Notes from Lapta, Cyprus – “Vacancy and Territory” by Ken Dunn

Being of a certain age does allow one to sit back and take account of one’s fellow species, such as they are. Many of them are a funny lot. Some married couples (or should we now include ‘Partners’ to be fully engaged with 21st century parlance?) can be an especially funny lot. ‘Peculiar’ that is, not always ‘Ha-ha’ but then…

It matters not what the age is, young or old, they invariably perform in exactly the same fashion, particularly when they are ‘out for the night’ and determined to ‘have a good time’. How they judge the latter has always been a mystery to me.

I refer to those who go out at lunchtime, late afternoon or early evening, to ‘do’ whatever they had wanted to ‘do’ and then, after having done ‘it’, sit side by side, not saying a blind word to each other for hours and hours on end, sipping occasionally at a drink and, usually, dolefully surveying whatever is happening in front of their half glazed eyes. That is mostly not a lot as the thing they came to do has now been and gone and all that remains are others of the same ilk doing exactly the same thing that they are doing. Nothing.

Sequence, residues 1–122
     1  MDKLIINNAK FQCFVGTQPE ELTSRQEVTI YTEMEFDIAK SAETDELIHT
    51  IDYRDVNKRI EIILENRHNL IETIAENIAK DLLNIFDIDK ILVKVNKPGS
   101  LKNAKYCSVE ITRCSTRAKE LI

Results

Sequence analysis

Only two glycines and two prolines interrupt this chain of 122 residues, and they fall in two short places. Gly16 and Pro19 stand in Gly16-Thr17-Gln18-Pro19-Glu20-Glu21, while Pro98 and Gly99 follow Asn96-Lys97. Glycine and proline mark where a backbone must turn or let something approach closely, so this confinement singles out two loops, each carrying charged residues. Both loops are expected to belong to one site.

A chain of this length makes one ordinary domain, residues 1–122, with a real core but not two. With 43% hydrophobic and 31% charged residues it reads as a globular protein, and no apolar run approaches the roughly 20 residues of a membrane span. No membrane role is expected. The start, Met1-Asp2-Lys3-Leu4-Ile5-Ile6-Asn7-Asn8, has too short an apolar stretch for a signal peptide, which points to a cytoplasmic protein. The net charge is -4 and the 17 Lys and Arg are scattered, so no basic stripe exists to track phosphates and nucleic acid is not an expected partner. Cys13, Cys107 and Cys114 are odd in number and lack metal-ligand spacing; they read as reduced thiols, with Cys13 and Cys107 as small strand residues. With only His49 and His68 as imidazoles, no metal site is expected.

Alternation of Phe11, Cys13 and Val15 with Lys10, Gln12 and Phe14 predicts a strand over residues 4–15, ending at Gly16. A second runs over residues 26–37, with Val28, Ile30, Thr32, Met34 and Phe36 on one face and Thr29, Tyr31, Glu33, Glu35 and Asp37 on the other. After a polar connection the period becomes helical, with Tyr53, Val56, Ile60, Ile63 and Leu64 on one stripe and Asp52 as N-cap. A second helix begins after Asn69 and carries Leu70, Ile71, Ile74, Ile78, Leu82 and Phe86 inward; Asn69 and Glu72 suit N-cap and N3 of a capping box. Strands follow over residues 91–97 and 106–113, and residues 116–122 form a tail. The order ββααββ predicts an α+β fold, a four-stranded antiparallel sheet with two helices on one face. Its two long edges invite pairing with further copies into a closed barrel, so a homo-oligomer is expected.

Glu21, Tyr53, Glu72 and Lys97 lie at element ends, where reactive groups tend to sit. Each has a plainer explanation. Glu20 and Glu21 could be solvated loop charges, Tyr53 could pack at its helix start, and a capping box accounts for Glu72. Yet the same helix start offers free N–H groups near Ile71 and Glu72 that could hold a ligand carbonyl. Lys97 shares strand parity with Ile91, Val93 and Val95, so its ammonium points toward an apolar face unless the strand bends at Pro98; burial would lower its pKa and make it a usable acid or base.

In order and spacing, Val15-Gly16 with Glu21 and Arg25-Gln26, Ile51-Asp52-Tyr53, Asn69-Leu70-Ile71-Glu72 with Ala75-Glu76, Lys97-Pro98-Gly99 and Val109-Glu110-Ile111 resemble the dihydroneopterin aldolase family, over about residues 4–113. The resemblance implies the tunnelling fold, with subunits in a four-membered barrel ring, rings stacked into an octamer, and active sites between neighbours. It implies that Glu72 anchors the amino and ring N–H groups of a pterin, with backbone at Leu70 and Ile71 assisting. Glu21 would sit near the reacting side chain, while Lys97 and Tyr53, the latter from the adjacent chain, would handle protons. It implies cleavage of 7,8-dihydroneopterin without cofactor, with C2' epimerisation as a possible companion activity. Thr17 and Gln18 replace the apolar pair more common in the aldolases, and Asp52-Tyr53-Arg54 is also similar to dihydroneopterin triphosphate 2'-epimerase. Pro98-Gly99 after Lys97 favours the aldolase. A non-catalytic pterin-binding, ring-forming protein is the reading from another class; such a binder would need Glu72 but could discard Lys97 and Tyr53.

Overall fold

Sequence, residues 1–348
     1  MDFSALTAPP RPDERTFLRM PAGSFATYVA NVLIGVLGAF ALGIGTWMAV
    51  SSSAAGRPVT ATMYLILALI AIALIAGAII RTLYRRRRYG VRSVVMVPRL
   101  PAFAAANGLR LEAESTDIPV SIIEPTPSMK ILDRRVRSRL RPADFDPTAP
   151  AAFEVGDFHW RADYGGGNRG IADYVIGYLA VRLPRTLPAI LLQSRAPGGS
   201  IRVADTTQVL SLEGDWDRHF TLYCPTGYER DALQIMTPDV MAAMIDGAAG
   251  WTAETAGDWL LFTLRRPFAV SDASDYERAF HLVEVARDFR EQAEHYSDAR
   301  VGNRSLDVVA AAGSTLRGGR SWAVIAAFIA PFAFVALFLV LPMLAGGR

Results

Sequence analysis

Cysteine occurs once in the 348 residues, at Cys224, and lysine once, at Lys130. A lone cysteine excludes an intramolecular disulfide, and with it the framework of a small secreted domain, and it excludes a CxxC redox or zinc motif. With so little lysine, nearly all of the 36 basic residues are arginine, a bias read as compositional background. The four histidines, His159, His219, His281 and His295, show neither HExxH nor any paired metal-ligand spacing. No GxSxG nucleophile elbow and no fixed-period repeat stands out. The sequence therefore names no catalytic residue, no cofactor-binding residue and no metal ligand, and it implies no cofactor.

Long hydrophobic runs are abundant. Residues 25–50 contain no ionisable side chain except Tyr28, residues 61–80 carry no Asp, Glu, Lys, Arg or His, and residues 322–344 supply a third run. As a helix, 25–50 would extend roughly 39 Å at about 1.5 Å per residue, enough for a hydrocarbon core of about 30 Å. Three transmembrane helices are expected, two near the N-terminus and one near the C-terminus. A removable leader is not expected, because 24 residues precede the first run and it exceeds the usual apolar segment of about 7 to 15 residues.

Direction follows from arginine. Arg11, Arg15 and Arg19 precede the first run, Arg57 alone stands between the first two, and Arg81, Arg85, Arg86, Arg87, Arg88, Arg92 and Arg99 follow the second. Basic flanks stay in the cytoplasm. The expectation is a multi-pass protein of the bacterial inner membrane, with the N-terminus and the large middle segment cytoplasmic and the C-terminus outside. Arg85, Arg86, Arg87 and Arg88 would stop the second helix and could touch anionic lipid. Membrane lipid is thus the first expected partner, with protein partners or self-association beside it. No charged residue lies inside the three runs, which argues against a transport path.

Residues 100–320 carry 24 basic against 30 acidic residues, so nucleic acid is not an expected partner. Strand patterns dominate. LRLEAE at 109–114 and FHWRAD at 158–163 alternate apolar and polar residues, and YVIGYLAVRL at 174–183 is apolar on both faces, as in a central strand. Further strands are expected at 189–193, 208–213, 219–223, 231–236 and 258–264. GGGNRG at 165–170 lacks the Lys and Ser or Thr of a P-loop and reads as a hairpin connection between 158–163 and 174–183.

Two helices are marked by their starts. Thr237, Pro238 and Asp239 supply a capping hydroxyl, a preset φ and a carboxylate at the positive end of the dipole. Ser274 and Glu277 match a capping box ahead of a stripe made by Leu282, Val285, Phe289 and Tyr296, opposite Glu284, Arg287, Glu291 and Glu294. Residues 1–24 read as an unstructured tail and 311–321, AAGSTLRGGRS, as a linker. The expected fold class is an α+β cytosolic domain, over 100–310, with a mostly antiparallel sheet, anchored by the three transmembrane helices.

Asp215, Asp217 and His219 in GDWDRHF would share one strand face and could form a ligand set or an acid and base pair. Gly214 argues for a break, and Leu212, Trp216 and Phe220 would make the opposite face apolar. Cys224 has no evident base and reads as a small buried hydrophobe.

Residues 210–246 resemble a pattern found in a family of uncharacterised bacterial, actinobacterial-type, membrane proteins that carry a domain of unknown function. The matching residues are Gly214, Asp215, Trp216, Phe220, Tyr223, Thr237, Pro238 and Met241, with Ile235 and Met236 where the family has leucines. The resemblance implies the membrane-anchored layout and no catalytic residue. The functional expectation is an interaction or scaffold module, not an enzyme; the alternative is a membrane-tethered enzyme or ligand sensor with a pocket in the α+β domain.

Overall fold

I can only think that it must be a conditioning process which has been nurtured from birth, honed and refined by the social pressures from an older generation who, ‘knew their place’. The only other explanations are that they are either extremely ‘thick’, are totally incapable of speech or have had a full frontal lobotomy at some stage in their narrow experience of ‘life as they know it’. Having weighed all of that carefully I have to choose the ‘thick’ explanation. Ah, bless.

But then there is something else which these folk often demonstrate in their wild and wondrous excursions into their hectic recreational activities of grinding inertia. Their seats. They always sit in the same place wherever they go and can be more than miffed if there’s someone else sitting there when they arrive. I have never understood this kind of ‘territorial’ need. A seat is a bloody seat, isn’t it?! Well, I don’t suppose Hitler would have agreed with me but he was rather more territorial than most as I recall.

Having brought up the ‘territorial’ factor I must admit that it seems to happen less in the TRNC than it does in the UK. That may have something to do with the weather. In the TRNC there is less need to huddle together for warmth and moving around in the UK in a pub or club brings the danger of being caught in a draught. Or is it that simply sitting against a wall side by side is less dangerous? Everything can be seen, there’s nothing behind and only the eyes need to move, apart from having an occasional sip at the drink which always seems to last three of four hours. I don’t really know but I have seen this behaviour at first hand many, many times.